The figures paint a clear pattern. Despite some London Councils receiving tens of millions in S106 in recent years, the amount directed to public libraries is mostly trivial, with many spending no S106 funds at all on their library services. While only 16 out of 32 Councils responded to FoI requests for information on their S106 library spend, these 16 have seen S106 income of £387m over the seven financial years prior to 2016/17, of which just £5.4m (1.4%) was directed to libraries. Of this, £4.9m came from just three Boroughs – Tower Hamlets, Greenwich and Hammersmith & Fulham (H&F) – and some of these funds went to supporting the effective part-privatisation of libraries to become ‘healthy living centres’, ie gyms with a downgraded library offering. The others – Barnet, Camden, City of London, Haringey, Islington, Kensington & Chelsea, Merton, Richmond-upon-Thames, Waltham Forest and Wandsworth – spent no S106 funds at all on libraries over the entire seven year period, a time of drastic Government austerity when library budgets were cut to the bone, staff numbers decimated and volunteers increasingly called upon to run local libraries. Even this partial picture shows libraries have been almost totally overlooked in S106 negotiations, to the huge detriment of the many thousands of people who have seen their library service downgraded or their local library close.

There are several plausible causes of this neglect of libraries. First is the consultation method used to prioritise S106 spending which is often based on relatively small groups whose views are collected via survey or interview. My own area of Lambeth is instructive; the recently published Community and Local Investment Plan (CLIP), which sets out how S106 will be spent in my area from 2017-2022, mentions libraries just twice, stating curtly that “[t]he council’s programme for libraries is being taken forward separately”. Strikingly, the plan was based on the views of just 651 of the 48,000+ residents who will be affected by the CLIP’s outcomes. And a search of Lambeth’s recent S106 reports shows libraries’ omission from S106 allocation is not new – no S106 was spent on libraries at all for two full years in 2013/14 and 2014/15, just before the Council announcing their intention to close/downgrade services of several libraries due to lack of funds. This trend is illustrated by Keybridge House, a new “high end” development near Vauxhall, where a 43 square metre apartment costs a cool £515,000. Despite being just a few hundred yards from the brilliant, bustling Tate South Lambeth (TSL) library, which in 2016 was threatened with closure due to Council cuts, none of the £2m+ S106 funds from Keybridge House have gone to support TSL, nor Lambeth’s library services more widely. Regeneration is also likely to have a role in the neglect of libraries. A recent open letter from Haringey Council Leader Cllr Claire Kober, justifying the establishment of a controversial new joint venture, explicitly mentions libraries, painting a stark choice between economic growth (via the ‘Haringey Development Vehicle’) and an “inevitable decline” for libraries and other services. However, the letter fails to mention that Haringey received a total of £15,539,466 S106 funding from 2010/11-2016/17, funds which could probably have refurbished the Borough’s library service several times over. Libraries are exactly the sort of community infrastructure S106 should be helping in tough times. But the money just isn’t reaching these vital frontline services, despite the proliferation of often costly luxury developments in recent years.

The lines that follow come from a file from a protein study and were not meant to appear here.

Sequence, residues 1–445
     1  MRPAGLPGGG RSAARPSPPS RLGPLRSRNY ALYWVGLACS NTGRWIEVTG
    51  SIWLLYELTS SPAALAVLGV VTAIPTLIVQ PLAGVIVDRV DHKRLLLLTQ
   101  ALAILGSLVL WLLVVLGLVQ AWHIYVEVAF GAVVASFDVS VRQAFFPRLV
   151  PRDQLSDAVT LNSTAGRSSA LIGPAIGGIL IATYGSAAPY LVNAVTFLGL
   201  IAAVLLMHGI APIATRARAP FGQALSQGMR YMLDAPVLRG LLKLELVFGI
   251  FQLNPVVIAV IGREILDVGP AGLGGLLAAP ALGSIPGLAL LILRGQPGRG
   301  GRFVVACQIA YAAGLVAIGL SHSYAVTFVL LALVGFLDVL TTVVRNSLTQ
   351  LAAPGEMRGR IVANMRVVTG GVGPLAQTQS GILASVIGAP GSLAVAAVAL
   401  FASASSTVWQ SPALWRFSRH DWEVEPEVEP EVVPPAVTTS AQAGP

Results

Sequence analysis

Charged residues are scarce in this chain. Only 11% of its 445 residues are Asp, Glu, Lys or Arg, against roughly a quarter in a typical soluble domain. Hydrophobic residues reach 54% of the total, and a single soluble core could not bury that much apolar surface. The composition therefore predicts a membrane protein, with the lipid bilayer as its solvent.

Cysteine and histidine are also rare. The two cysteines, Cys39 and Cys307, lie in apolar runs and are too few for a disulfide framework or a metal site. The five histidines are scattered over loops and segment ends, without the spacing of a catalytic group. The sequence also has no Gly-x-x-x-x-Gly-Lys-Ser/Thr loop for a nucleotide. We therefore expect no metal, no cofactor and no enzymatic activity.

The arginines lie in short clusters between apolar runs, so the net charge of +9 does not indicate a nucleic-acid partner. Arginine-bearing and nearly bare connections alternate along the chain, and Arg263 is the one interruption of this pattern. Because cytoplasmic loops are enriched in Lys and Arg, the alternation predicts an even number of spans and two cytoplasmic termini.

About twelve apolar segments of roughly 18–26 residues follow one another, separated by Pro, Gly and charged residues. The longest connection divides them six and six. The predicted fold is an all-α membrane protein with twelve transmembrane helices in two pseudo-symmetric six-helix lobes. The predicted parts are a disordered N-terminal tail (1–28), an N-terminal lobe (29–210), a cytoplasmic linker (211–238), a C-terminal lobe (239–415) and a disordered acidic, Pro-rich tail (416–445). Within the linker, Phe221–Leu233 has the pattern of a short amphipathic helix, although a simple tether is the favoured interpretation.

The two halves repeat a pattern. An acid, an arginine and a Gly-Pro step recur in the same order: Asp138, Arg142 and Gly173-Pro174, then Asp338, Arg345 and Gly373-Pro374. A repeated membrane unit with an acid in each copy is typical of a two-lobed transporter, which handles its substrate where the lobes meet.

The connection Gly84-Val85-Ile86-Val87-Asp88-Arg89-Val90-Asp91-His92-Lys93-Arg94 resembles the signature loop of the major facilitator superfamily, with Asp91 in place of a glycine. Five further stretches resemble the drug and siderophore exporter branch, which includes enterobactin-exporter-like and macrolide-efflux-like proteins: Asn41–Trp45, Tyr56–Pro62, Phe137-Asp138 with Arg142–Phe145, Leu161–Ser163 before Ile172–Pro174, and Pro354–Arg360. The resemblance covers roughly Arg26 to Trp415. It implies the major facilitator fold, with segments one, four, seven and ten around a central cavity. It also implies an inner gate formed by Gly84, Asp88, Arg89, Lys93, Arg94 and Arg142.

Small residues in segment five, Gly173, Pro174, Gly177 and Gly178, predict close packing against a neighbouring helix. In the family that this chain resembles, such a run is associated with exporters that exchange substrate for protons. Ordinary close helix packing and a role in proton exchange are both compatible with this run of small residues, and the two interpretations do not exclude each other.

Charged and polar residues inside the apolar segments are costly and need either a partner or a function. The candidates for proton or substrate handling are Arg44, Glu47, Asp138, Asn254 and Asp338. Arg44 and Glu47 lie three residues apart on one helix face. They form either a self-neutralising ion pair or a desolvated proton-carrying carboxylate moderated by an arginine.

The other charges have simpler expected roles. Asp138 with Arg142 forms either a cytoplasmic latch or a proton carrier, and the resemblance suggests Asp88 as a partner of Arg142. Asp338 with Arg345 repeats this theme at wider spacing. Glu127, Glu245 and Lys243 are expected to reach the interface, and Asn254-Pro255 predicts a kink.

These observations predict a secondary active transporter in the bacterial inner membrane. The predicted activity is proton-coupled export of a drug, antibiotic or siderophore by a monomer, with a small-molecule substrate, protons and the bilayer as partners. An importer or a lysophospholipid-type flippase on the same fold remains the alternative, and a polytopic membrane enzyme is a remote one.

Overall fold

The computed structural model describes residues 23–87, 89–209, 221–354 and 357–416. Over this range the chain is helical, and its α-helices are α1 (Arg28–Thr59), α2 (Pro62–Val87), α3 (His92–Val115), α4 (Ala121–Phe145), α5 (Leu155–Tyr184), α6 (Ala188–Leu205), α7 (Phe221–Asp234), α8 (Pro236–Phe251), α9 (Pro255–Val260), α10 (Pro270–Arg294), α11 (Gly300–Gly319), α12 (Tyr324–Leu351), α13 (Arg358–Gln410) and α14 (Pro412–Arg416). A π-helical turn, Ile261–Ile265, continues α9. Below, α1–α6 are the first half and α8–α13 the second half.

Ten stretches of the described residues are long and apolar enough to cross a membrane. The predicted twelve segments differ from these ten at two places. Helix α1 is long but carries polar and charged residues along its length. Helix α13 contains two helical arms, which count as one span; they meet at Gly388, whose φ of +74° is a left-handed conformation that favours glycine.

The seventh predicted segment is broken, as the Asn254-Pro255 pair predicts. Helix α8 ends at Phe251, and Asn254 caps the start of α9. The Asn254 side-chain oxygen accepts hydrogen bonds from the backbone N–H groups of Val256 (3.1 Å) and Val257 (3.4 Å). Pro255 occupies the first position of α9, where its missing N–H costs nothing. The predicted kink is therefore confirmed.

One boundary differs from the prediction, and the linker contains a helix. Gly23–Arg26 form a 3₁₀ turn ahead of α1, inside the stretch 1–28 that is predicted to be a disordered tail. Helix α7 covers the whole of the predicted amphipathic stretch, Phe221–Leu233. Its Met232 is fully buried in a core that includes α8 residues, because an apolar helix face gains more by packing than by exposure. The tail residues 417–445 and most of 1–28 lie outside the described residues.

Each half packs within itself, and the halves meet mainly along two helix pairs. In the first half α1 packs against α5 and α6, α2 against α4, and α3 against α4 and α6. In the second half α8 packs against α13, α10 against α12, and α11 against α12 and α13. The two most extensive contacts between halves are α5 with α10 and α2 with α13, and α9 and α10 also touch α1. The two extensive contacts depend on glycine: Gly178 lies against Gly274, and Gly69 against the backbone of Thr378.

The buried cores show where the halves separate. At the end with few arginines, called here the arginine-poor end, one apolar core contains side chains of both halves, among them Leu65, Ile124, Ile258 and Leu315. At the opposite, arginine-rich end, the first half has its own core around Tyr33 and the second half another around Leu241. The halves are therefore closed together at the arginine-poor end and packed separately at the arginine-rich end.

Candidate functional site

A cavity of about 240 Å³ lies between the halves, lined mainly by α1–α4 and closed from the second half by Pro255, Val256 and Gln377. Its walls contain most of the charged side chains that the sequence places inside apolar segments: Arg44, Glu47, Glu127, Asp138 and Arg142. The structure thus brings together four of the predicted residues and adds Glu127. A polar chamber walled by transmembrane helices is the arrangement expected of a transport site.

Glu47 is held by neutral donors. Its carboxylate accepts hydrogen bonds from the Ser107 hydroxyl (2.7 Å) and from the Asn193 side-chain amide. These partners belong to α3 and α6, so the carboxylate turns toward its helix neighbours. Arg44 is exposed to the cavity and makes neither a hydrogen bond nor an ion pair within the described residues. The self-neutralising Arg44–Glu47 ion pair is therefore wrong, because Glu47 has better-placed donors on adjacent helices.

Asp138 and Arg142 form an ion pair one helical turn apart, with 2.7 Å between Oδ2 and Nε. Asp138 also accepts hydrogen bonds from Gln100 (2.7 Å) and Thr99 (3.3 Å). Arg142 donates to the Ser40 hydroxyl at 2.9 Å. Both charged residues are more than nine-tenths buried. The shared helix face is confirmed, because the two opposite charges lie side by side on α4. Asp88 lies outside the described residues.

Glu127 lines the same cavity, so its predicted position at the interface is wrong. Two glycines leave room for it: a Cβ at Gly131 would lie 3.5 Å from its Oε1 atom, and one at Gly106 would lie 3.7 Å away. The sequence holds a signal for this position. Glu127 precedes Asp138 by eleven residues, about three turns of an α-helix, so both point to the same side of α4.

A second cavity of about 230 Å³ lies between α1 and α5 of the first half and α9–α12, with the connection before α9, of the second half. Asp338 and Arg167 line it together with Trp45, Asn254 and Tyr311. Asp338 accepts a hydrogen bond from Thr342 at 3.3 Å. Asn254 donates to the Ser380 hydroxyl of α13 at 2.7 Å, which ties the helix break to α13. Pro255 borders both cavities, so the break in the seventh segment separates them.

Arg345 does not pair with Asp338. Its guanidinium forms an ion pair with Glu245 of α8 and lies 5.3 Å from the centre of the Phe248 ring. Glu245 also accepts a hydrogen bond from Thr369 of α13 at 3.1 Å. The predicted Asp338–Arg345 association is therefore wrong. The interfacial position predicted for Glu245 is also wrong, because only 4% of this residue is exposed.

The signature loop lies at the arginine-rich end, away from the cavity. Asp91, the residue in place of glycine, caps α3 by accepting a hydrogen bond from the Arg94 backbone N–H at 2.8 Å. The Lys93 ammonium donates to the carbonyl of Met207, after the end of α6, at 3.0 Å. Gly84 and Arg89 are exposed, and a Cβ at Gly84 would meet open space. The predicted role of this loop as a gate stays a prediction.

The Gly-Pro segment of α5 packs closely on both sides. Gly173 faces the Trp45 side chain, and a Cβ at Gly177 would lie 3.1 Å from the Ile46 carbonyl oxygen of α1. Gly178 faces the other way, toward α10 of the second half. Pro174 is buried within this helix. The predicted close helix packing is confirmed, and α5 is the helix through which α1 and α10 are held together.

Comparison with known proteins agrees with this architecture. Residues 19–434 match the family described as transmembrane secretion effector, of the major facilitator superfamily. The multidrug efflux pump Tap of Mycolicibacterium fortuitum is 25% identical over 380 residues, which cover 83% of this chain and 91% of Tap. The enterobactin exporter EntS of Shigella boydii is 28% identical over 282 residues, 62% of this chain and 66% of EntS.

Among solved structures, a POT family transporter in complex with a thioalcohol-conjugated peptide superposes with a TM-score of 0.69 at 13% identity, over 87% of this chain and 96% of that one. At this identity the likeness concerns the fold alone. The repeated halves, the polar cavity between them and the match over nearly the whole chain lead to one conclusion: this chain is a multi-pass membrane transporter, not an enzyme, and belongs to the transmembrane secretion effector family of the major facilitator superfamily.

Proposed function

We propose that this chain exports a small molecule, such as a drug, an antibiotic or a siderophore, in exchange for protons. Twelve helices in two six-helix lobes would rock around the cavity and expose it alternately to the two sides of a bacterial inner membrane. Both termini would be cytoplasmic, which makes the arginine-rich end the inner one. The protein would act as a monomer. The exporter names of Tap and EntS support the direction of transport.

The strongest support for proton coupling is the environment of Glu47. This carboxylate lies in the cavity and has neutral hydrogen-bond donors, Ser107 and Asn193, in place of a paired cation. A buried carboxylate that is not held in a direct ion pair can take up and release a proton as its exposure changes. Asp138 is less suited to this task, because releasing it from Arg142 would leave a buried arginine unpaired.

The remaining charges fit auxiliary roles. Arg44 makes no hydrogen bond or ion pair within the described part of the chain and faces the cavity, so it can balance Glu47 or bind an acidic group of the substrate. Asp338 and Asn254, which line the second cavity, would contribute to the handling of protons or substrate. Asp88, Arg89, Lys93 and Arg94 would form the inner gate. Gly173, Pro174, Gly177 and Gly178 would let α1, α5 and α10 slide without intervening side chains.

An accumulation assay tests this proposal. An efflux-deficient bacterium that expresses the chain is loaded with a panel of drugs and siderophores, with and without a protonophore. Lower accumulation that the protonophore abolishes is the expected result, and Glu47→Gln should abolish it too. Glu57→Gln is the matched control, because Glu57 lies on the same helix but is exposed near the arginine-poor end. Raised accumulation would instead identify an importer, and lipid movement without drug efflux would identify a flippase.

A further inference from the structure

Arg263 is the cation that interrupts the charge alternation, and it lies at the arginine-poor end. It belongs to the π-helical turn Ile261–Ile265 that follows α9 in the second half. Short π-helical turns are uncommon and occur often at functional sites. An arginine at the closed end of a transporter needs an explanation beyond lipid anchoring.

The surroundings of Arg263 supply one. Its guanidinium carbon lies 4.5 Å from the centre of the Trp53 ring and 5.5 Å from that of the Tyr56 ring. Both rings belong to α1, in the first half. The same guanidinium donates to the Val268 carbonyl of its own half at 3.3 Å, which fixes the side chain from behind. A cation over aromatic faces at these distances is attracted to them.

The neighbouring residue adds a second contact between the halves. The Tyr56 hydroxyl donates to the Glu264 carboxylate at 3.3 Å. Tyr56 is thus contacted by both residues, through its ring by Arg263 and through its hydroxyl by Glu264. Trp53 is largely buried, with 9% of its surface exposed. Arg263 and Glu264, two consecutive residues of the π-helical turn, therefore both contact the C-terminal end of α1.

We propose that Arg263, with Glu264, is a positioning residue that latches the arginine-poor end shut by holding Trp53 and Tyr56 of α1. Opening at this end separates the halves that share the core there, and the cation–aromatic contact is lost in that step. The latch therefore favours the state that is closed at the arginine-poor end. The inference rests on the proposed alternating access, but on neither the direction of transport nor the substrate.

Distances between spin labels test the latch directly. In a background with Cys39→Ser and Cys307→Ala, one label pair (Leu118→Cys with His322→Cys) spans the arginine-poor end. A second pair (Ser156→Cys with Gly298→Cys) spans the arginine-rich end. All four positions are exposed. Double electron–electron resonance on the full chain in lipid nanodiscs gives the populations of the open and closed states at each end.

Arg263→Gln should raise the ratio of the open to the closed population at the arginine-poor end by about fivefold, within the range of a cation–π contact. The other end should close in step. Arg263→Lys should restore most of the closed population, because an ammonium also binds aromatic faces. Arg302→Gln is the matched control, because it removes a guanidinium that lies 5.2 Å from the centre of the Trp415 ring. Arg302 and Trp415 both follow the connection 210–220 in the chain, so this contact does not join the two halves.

Whatever the cause, S106 is not working for libraries, and new ways must be found to secure these funds for a service under huge pressure. One idea would be to ringfence an amount – 1% would not be unrealistic – of all S106 funds for libraries. Such simple mechanisms are used to good effect in other countries to fund cultural services and would provide a reliable source of funding for library services. We also need to know far about how S106 spending decisions are made for such important services as libraries. No-one pretends that recent years have been anything but terrible for local Government finances, however this makes it even more important that value is achieved in all cases and that funding is linked to levels of need and use.

Whatever the method, it is surely time to rethink a system which fails to support a service used and loved by millions of Londoners.